Recruiters at web development firms where Khairul applied to were concerned if he could fit in as an employee after being a boss in the past, a situation Allan faced too.
Charles met employers who didn’t like hearing that he still desired to start another business when the time was right.
“A corporate career is not a safety cushion for you when you failed your business,” was what William was told for 1 in every 3 interviews he landed. To boot, he didn’t have prior experience as an employee before starting Uplife.
Vincent’s employer had reservations on whether he had the discipline to clock into the office on time and work under supervision.
But he convinced them otherwise, “On the contrary, the benefits of having been an entrepreneur means we understand profit and loss. We’re familiar with the ropes of making hard business decisions better than those who’ve not trodden that path.”
Azrina’s corporate journey was also complemented by her entrepreneurial background and first-hand skills in building a business. This served her well when applying for jobs in branding, sales, and marketing.
With MNCs sometimes intimidated by these ex-entrepreneurs, some jobseekers like Charles turned to the startup ecosystem instead. But he had to compromise with a lower salary compared to what his peers were earning.
After many rejections, Khairul decided to freelance and offer his web development services to other startups. While doing so, he worked as a Grab and Uber driver for a year. This gave him the chance to network and build connections with passengers.
Allan turned to connections for a 9-5. Tony Fernandes happened to be a client and participant of Skirmish’s tournaments. Seeking job opportunities in AirAsia, he emailed Fernandes and got a job in aviation almost instantly.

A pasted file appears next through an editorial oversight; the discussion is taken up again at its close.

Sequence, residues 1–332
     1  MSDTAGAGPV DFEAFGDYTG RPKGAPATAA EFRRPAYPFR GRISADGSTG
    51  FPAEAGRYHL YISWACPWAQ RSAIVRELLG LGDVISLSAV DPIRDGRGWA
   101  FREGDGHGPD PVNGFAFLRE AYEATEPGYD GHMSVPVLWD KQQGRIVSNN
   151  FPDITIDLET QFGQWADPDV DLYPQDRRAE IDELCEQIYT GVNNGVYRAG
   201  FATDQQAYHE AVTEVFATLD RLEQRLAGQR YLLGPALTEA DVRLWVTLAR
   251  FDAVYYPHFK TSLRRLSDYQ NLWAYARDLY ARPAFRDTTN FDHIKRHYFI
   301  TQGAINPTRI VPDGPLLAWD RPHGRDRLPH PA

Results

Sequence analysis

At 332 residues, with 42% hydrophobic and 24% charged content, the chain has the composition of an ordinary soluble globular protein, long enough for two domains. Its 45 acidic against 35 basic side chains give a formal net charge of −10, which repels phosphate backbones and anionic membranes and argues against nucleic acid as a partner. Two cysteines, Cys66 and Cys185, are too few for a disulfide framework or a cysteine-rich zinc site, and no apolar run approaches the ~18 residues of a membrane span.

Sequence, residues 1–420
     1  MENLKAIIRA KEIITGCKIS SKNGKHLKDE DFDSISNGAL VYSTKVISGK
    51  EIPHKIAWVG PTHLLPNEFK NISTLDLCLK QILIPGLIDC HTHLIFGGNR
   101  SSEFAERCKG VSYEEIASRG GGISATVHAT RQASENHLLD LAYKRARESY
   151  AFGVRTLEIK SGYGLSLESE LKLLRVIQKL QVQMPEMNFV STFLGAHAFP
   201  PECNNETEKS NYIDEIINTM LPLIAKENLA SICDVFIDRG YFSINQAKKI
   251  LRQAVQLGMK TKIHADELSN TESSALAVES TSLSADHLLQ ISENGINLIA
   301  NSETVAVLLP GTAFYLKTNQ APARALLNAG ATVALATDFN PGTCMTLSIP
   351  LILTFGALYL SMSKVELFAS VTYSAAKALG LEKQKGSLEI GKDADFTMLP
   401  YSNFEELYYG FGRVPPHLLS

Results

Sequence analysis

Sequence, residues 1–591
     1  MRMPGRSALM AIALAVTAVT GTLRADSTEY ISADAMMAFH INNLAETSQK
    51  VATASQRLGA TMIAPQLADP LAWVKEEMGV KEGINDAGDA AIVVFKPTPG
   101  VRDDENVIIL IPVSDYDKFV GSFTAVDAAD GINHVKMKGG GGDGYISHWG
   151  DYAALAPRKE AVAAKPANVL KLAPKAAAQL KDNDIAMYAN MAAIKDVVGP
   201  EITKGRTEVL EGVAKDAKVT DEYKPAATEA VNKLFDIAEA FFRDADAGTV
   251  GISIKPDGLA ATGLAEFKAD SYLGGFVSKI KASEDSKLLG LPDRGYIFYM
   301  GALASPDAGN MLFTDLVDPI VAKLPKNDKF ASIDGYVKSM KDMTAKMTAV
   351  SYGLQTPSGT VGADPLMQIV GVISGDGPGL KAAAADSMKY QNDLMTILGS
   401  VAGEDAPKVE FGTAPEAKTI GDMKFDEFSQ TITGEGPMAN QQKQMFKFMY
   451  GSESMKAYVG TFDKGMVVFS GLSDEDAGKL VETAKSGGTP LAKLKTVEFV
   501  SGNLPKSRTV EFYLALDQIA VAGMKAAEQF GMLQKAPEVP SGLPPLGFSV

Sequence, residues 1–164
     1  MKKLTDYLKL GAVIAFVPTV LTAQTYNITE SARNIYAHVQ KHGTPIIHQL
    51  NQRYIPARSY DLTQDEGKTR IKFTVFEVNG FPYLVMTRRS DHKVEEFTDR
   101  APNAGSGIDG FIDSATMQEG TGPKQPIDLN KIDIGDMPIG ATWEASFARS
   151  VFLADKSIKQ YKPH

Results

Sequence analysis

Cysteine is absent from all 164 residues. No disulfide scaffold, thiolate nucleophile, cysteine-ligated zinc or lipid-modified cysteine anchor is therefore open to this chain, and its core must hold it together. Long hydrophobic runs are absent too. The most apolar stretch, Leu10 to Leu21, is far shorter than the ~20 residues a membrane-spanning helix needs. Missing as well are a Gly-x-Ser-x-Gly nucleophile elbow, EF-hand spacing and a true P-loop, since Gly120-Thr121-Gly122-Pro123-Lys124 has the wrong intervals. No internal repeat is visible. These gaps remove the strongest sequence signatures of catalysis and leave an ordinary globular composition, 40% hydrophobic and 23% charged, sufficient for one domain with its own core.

Once An Entrepreneur, Always An Entrepreneur?
After working towards financial stability, 4 out of our 6 interviewees left their 9-5s to start their own businesses again, with the exception of Allan and William.
Allan left AirAsia after serving 7 years under it to handle Marketing and PR at EVOS Esports.
On top of his full-time job, William runs a side hustle, TEEL Digital Consultancy advising clients on the sustainability and profitability of their digital products.
While Azrina enjoyed the stability of corporate life, moments of frustration flared when she lacked decision-making powers. So last year, she went solo and launched MySportsHijab, an Instagram business selling Muslim sportswear online.
Khairul went on to launch F&B and blockchain ventures between 2015-2018 with some of his former passengers. He now runs Ofdast Network that develops websites for companies.
Scouted by his former employer, Charles became a co-founder of Venturegrab, an online listing site for business owners to sell their companies and for buyers to invest in them.
As a co-founder, it’s back to running a business on my own. That means 16 hours a day, 7 days a week while multitasking various job scopes with no annual leaves or bonuses unless the company succeeds. But I’m loving it. Main reason is because I’m working at a job that I really love.
Charles Lee, Business Development Director and co-founder of Venturegrab.
Vincent also concluded that passion was the core of entrepreneurship and that it’s never too late to start over. At 46, he did exactly by starting VMO Rocks, an instant booking platform for event venues and services.
“Enterprises may fail, but it doesn’t mean the entrepreneur is a failure. It’s not the end of the road,” he said.
- You can learn about Entrepreneurs and Startups in Malaysia here.
- You can read about more Malaysian startups here.
Featured Image Credit: Allan Phang, Azrina Naimuddin, and William Teo